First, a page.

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What Is a Work-Life Policy?

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  • Written By: Mary McMahon
  • Edited By: Nancy Fann-Im
  • Last Modified Date: 03 December 2016
  • Copyright Protected:
    2003-2016
    Conjecture Corporation
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Work-life policy is the development of procedures to address concerns about the work and life balance, increase diversity in the workplace, and maintain employee satisfaction and loyalty. This can include regulatory policy set by government agencies, like minimum leave mandates to protect parents who need to take time off for a new family member. It also involves policies set by individual workplaces to meet the specific needs of their personnel.

Balancing work and life can be challenging in a variety of workplaces as people deal with issues like caring for ill family members, raising children, and the desire for personal development. Consistent work-life policy can protect the interests of employees and may benefit employers in the long term. The policy allows workers, without penalty, to take leave, request flexible hours, and make other adjustments in their work schedules to meet personal needs.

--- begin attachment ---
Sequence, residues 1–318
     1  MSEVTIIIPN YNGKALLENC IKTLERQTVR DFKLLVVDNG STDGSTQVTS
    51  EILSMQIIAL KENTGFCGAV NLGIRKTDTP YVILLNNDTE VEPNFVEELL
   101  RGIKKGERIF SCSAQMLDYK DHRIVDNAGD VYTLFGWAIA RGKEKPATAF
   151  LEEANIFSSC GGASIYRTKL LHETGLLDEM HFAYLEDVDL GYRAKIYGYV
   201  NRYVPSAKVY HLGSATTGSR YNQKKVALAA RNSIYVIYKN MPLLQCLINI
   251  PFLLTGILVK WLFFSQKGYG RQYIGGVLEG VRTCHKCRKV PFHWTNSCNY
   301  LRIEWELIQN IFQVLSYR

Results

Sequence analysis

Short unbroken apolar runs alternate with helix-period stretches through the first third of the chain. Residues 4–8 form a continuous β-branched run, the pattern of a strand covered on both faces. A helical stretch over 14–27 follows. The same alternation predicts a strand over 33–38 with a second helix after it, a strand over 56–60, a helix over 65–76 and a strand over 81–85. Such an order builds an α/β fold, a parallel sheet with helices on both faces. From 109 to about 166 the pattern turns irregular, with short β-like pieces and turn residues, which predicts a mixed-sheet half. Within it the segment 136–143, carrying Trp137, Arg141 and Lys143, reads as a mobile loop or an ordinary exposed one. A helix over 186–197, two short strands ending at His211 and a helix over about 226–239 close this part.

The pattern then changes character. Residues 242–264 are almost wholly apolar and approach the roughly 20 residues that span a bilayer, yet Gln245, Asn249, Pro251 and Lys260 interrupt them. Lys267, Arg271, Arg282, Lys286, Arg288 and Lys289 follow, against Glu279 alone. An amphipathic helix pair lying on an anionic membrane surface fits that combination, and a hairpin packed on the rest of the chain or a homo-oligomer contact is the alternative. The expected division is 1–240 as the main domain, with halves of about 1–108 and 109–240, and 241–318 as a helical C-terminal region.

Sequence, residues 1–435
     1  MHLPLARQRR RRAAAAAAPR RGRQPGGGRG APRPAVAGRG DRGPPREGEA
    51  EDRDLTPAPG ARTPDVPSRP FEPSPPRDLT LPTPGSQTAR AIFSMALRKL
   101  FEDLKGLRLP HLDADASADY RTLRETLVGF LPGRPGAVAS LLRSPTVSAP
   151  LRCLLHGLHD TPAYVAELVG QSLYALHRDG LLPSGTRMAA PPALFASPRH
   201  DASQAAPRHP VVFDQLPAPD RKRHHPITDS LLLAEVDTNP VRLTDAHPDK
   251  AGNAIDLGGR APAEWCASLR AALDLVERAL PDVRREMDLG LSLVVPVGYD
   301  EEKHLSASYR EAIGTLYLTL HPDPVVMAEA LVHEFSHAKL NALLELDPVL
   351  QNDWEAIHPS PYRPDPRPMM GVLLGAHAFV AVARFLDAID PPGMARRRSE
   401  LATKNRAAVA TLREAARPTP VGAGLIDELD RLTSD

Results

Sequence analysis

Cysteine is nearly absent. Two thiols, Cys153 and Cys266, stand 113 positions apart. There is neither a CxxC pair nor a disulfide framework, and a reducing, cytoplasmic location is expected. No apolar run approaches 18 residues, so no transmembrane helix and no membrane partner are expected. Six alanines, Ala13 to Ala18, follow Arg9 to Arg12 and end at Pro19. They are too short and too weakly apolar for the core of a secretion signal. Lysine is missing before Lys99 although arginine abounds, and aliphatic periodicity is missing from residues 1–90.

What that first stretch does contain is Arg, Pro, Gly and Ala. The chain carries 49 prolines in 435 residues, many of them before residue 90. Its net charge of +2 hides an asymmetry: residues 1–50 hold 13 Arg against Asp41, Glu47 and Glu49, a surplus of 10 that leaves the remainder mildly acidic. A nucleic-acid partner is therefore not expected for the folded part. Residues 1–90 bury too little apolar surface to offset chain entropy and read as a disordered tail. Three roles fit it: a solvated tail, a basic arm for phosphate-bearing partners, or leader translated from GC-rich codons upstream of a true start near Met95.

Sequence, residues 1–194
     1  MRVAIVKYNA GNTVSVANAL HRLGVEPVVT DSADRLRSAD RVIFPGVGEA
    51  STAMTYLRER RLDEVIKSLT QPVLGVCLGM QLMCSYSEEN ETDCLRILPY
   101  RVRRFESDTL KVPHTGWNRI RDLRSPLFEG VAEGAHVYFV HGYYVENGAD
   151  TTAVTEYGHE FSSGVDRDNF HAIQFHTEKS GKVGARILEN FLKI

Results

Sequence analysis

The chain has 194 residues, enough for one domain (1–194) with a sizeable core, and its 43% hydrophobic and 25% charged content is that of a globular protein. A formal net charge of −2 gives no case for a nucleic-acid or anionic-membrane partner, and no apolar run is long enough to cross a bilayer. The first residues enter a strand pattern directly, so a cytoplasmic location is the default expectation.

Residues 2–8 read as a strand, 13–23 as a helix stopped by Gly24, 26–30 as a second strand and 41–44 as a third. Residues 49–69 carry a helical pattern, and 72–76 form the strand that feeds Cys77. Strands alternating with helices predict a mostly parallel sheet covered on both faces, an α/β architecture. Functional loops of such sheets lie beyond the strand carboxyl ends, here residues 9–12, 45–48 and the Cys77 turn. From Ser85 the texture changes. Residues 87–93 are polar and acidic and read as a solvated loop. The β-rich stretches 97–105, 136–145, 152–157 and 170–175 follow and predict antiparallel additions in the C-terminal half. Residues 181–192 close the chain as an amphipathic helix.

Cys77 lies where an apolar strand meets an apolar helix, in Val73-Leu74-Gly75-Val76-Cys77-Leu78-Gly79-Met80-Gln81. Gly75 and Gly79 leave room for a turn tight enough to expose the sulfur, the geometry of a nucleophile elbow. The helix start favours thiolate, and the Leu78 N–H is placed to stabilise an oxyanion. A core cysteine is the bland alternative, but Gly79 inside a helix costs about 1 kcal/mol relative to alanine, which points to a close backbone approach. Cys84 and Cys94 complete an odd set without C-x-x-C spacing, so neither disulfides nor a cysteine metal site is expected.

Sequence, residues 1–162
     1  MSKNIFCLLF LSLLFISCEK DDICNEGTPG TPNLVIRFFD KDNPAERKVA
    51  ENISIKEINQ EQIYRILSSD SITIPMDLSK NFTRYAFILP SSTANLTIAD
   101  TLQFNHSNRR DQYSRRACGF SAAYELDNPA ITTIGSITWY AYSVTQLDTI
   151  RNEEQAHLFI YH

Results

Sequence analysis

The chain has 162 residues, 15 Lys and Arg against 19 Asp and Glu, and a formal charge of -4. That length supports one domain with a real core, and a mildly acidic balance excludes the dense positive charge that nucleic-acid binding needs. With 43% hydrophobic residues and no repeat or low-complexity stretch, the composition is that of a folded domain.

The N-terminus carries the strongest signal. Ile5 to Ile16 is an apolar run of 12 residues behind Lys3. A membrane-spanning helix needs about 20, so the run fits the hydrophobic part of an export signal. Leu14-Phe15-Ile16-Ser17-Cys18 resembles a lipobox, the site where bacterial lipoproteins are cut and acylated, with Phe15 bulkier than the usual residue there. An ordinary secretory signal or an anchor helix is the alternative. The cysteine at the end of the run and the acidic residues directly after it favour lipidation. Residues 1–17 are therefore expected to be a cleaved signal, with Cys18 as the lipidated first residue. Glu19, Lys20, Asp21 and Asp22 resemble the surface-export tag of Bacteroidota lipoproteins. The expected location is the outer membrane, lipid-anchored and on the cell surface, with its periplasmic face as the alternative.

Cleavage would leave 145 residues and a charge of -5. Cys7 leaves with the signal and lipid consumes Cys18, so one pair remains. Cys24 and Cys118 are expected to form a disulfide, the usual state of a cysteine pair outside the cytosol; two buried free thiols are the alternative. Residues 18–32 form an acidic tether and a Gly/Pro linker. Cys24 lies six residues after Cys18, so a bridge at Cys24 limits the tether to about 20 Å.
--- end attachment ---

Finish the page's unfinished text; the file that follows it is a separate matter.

Companies with a comprehensive and progressive work-life policy may be viewed as more appealing by prospective employees, and can have higher employee retention rates. Some examples of policies a workplace might implement include the accumulation of paid vacation time, paid family or medical leave, flex hours, provision of childcare at company facilities, and encouragement of personal development. A company may help staff members go back to school, participate in seminars and workshops for personal development, and so forth.

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Government regulations on work-life policy can vary by nation. Many governments pass regulations to address concerns about the potential for discrimination and to boost employment of minorities in the workplace. Policies may provide for things like leave to care for a new baby, and protection of leave requests associated with religious holidays. Some critics of work-life policy regulations argue that they can contribute to discrimination; for example, a company may be reluctant to hire women of childbearing age out of concern that they will take advantage of generous maternity leave policies mandated by the government.

Individual companies can think about a number of issues when they develop their own work-life policy frameworks. These can include the overall goal and mission of the company, the type of employees it wants to attract, and existing government regulations. Some companies may think ahead to proposals to change legislation or introduce new policy, and may build flexibility into their policies to anticipate these changes. More generous policies can be more expensive to administer, but may result in higher productivity and satisfaction, and thus could pay for themselves.

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